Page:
Hungary's MFA summons Ukraine envoy over entry ban to head of Alliance of Hungarians in Romania
The Hungarian Foreign Ministry has summoned Ambassador of Ukraine to Hungary Liubov Nepop over the ban on entry to Ukraine to head of the Democratic Alliance of Hungarians in Romania (RMDSZ) Hunor Kelemen.
According to Kelemen, he was denied entry "without any clear explanation," the Ukrainian news outlet Glavred reports, referring to Agerpres.
It is noted Kelemen was going to take part in celebrations to mark the 30th anniversary of the formation of the Transcarpathian Hungarian Cultural Association (KMKSZ) in the town of Uzhgorod, Ukraine's west. The ban on his entry to Ukraine has been in effect for 1.5 years.
In turn, the State Border Guard Service of Ukraine has confirmed it did not allow Kelemen entering Ukraine according to the instructions of one of the law enforcement agencies of Ukraine.
As UNIAN reported earlier, the relations between Ukraine and Hungary have deteriorated after the Ukrainian Parliament adopted a new law on education. Hungary is blocking the holding of meetings of the Ukraine-NATO Commission, alleging a violation of the rights of Hungarians living in Ukraine, over the provision of the education law stipulating that the language of instruction in educational facilities be the state language (Ukrainian).
According to the conclusion of the Venice Commission, promulgated on December 8, 2017, the Ukrainian authorities are recommended to balance the position of the language article.
On February 14, 2018, the Cabinet of Ministers approved the draft law (No. 8046), which provides for the extension until 2023 of the transition period for the implementation of the language clause of the Law on Education.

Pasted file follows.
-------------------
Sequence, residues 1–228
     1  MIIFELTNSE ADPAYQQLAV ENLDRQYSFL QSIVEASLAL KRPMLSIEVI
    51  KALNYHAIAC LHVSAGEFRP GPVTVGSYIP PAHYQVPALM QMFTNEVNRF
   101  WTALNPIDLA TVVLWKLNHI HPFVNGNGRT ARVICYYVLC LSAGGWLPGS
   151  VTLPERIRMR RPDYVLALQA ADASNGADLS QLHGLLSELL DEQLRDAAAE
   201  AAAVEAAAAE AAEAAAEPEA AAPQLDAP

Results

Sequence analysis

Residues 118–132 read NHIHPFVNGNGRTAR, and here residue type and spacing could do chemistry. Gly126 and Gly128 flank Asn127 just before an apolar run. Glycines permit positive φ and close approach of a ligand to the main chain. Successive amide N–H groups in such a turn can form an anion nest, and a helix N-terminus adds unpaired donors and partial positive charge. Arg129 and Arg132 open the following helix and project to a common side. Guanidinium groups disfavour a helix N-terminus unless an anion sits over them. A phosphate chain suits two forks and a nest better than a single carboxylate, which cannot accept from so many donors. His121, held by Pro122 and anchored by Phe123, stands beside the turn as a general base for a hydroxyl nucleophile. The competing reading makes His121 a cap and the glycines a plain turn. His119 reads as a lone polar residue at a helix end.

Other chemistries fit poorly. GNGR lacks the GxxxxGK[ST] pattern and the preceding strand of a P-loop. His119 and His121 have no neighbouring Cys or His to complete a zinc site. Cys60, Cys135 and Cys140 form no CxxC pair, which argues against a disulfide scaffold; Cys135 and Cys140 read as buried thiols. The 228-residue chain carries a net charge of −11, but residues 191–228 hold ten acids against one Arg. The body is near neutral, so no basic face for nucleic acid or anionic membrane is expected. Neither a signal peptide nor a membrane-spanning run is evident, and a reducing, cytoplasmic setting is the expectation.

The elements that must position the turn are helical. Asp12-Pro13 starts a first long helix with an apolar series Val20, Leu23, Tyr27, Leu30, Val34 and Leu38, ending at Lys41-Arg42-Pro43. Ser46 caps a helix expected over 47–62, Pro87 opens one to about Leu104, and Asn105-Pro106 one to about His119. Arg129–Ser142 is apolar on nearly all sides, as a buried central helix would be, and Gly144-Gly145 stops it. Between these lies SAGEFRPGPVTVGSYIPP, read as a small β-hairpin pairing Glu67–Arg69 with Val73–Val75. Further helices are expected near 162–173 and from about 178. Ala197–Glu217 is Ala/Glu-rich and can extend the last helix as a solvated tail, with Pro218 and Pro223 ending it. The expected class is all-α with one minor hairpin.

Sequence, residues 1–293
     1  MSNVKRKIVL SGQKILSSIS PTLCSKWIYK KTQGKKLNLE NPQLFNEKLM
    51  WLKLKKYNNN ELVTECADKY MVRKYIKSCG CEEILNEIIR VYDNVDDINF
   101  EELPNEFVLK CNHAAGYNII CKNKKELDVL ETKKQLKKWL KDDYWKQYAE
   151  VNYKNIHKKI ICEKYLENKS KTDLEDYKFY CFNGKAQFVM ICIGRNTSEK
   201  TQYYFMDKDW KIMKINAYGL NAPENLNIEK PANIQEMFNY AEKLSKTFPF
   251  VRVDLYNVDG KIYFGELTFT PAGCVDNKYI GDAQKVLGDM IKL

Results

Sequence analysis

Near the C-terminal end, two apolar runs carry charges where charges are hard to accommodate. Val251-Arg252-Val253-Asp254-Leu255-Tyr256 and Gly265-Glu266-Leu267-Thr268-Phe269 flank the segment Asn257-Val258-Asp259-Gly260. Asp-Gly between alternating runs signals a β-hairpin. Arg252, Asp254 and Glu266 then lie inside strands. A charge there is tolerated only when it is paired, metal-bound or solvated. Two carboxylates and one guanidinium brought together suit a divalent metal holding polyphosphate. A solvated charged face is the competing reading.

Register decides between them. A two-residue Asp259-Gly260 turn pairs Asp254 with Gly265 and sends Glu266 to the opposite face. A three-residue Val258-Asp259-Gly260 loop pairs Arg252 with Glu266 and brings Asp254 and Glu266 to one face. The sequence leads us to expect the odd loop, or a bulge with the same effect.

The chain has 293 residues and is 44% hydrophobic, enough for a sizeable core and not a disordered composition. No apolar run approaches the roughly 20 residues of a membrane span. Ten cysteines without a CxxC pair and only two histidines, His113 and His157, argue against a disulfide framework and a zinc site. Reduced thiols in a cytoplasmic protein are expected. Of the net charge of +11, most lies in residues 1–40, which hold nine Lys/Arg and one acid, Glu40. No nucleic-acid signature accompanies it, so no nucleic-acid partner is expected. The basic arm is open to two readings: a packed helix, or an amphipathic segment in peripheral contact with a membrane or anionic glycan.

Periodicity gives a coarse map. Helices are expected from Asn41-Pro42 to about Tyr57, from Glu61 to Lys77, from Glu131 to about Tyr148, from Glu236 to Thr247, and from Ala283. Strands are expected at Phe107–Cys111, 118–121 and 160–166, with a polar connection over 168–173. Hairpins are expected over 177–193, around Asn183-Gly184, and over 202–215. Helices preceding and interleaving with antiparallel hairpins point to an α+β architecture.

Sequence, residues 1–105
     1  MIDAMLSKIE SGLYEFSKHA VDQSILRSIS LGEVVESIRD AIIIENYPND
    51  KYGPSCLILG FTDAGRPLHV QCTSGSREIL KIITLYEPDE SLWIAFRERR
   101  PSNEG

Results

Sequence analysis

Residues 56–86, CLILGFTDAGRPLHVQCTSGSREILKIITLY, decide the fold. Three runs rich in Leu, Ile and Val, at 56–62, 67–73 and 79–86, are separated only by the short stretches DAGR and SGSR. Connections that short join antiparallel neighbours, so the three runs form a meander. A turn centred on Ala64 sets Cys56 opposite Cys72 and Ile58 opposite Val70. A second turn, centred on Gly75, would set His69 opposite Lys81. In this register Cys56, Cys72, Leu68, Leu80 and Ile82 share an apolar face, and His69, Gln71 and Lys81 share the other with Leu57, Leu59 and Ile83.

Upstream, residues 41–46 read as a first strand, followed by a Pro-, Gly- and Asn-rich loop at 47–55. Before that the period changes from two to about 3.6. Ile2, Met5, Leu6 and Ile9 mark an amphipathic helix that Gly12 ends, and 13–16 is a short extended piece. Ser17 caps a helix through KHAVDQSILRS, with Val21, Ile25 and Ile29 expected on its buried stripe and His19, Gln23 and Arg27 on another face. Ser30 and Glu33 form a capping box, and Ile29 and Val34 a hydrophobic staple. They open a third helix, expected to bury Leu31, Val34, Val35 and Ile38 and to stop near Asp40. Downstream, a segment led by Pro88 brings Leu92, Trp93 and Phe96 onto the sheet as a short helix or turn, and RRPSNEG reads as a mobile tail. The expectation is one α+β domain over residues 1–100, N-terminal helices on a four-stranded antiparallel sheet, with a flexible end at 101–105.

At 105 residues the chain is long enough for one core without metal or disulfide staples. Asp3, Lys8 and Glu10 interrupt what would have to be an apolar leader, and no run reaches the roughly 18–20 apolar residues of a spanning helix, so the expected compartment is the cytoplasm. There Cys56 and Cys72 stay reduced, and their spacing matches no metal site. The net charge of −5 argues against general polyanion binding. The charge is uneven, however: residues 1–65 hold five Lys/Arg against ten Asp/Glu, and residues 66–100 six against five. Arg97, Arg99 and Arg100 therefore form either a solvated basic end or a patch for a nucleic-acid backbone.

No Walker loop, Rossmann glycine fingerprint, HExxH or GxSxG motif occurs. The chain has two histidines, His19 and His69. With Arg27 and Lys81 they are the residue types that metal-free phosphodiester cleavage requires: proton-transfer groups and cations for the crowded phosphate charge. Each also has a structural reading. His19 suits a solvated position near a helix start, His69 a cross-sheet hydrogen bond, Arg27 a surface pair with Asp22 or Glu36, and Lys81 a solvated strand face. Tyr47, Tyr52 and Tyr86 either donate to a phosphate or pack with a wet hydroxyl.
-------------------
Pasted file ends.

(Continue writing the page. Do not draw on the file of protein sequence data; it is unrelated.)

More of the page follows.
Now this draft law is under consideration by parliamentary committees.
In March, Hungarian Foreign Minister Peter Szijjarto demanded that Ukraine amend the law on education and postpone its implementation until 2023, otherwise Budapest will block meetings important for Ukraine at the level of the European Union and NATO.
Then the head of the Hungarian Foreign Ministry said that Budapest was offering Kyiv to conclude an agreement on the protection of national minorities. The agreement is to allow free use of the native language of national minorities in religion, culture, education, and governance.
On October 13, Ukrainian Foreign Minister Pavlo Klimkin stressed that there was no way back regarding the law on education adopted by the Verkhovna Rada in 2017, while consultations with the Hungarian community of Zakarpattia should continue. He stressed that the goal of the law on education is not to assimilate the Hungarians, but to open up chances for self-realization of the Hungarian minority in Ukraine.
In February, Gergely Gulyas, the Minister heading the Hungarian Prime Minister Viktor Orban's Office, claimed Ukraine authorities had adopted "a semi-Fascist" education law.
Responding to a question about elections in Ukraine, Gulyas said the "Ukraine currently has a government that tramples on minority rights, one that has had 'a semi-Fascist' education law adopted."
The official also said he sincerely hopes that the Hungarian government "will be able to get through to the new administration [following elections] because they have been unable to communicate with the present one."
Gulyas added that Budapest still expects Ukraine will amend the legislation.